What do you do with members of former regimes which were characterised by human rights (HR) abuses? Insist on punishment at the risk of social divisions and fracturing a fragile peace? Or opt for clemency and let crimes go unpunished, public wounds unhealed? The question is old, but clearly still relevant today.
This book on justice during political transition comprises articles by HR professionals from around the world. A Chilean HR lawyer explores the international legal and moral obligations on incoming governments as well as their political constraints, and compares the Uruguayan and Argentinean experiences. A second piece looks at retribution versus reconciliation and punishment/prevention; a third reports findings from a conference on transitional justice organised by Charter 77. All highlight the difficulties facing new democracies in terms of balancing power, resources and the public’s demands for justice. They also all stress the importance of investigating and making public the truth about the past, regardless of any other decisions. No policy can be legitimate or effective if the truth is hidden, incomplete or not officially acknowledged.
- The overall objectives of a policy on past HR abuses must be to prevent their recurrence and to repair, as far as possible, the damage done by them; politically motivated policies are unlikely to bring stability.
- The policy must represent the will of the people but also be in accordance with international law; criminal law may not be retroactively applied, genocide may not go unpunished, trials must be fair, and so on.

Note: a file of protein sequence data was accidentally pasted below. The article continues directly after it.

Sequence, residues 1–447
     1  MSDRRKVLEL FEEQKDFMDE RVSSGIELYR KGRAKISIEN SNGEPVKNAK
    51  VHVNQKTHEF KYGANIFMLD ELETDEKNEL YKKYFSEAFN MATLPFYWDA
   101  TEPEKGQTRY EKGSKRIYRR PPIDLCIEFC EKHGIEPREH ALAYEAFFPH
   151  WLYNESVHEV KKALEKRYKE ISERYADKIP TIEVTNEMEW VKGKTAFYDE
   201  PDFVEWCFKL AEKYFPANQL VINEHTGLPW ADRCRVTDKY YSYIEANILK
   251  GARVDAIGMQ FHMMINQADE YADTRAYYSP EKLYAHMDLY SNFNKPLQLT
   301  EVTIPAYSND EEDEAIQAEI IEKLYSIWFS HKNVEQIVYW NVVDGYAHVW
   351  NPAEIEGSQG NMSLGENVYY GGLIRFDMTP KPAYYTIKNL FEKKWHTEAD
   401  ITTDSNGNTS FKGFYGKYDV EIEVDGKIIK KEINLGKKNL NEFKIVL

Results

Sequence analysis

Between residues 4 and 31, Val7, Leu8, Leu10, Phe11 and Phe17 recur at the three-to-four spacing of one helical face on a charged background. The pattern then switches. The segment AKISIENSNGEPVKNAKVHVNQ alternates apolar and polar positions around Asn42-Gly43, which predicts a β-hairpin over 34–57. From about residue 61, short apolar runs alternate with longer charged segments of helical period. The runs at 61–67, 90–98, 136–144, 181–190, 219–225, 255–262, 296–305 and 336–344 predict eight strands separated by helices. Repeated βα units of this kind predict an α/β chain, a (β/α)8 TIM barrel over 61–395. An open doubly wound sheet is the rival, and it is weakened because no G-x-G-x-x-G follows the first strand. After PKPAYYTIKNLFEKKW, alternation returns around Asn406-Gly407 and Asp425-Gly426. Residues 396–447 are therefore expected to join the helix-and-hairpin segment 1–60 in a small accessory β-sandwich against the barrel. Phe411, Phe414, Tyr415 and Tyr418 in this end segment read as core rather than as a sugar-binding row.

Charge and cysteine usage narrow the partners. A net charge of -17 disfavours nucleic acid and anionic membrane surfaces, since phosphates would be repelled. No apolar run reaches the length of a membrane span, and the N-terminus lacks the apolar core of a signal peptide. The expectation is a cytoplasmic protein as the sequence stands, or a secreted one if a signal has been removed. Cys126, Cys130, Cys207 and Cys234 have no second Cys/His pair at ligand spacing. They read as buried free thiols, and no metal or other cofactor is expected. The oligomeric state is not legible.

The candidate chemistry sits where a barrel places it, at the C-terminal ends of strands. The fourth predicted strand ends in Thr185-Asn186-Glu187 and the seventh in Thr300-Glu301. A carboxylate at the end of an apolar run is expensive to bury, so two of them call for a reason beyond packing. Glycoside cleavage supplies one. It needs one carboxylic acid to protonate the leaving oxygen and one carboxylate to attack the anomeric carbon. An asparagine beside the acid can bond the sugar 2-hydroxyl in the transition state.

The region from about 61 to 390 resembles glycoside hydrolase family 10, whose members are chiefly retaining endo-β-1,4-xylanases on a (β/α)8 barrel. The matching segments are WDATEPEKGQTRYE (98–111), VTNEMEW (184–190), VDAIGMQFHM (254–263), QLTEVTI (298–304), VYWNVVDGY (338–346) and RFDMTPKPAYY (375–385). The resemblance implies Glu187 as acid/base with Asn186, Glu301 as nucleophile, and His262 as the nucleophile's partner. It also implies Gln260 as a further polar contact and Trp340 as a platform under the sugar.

- A distinction is often made between ‘routine’ abuses of civil rights and more serious charges; where abuse is too widespread to prosecute every individual – for lack of resources or fear of social unrest – selective punishment may be the best compromise.
- Uruguay’s amnesty on security officers still serving – though upheld in a referendum – left the suspicion that future abuses will not be deterred.
International actors involved in developing such policies should review the experiences of other countries and be aware that in different cases, ‘justice’ may best be served by different balances of punishment, prevention and reconciliation.
- Political constraints differ according to the nature of the former and current regimes: a strong victor has fewer constraints than one still reliant on security forces who were involved in past abuses; ethnic tensions may or may not still be a factor.
- The nature of the transition also dictates policy: a gradual transition can allow a degree of popular forgiveness and focus on prevention rather than punishment, which may not be possible where an oppressive regime is swiftly overthrown.
- Disqualification from office due to association with the old regime is a divisive issue: it can help to restore immediate faith in the authorities, but it illegally presumes guilt by association; discrimination is a weak foundation for a new democracy.
- Incoming governments may be unwilling to investigate because of their own chequered past; pressure to conform to international norms may be desirable.
- Managing public expectations of justice is important: Argentina’s President Alfonsín promised more punishment than he could deliver, and backtracking proved costly. A focus on establishing the truth with limited punishability from the outset may have been better.